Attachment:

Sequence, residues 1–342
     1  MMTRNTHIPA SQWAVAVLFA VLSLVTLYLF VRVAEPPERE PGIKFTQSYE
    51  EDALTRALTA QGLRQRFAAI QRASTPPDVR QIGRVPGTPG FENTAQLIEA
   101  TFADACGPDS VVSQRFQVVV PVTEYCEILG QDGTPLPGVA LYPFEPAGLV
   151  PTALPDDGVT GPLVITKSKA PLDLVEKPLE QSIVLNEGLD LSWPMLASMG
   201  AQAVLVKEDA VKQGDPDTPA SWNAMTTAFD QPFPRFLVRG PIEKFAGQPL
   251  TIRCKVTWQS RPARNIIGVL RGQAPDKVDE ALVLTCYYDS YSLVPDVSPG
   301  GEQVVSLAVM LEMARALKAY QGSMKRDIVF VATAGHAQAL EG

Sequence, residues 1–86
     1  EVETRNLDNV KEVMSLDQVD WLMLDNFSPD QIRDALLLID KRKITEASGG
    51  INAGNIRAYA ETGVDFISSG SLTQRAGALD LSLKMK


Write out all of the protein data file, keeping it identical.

Sequence, residues 1–342
     1  MMTRNTHIPA SQWAVAVLFA VLSLVTLYLF VRVAEPPERE PGIKFTQSYE
    51  EDALTRALTA QGLRQRFAAI QRASTPPDVR QIGRVPGTPG FENTAQLIEA
   101  TFADACGPDS VVSQRFQVVV PVTEYCEILG QDGTPLPGVA LYPFEPAGLV
   151  PTALPDDGVT GPLVITKSKA PLDLVEKPLE QSIVLNEGLD LSWPMLASMG
   201  AQAVLVKEDA VKQGDPDTPA SWNAMTTAFD QPFPRFLVRG PIEKFAGQPL
   251  TIRCKVTWQS RPARNIIGVL RGQAPDKVDE ALVLTCYYDS YSLVPDVSPG
   301  GEQVVSLAVM LEMARALKAY QGSMKRDIVF VATAGHAQAL EG

Sequence, residues 1–86
     1  EVETRNLDNV KEVMSLDQVD WLMLDNFSPD QIRDALLLID KRKITEASGG
    51  INAGNIRAYA ETGVDFISSG SLTQRAGALD LSLKMK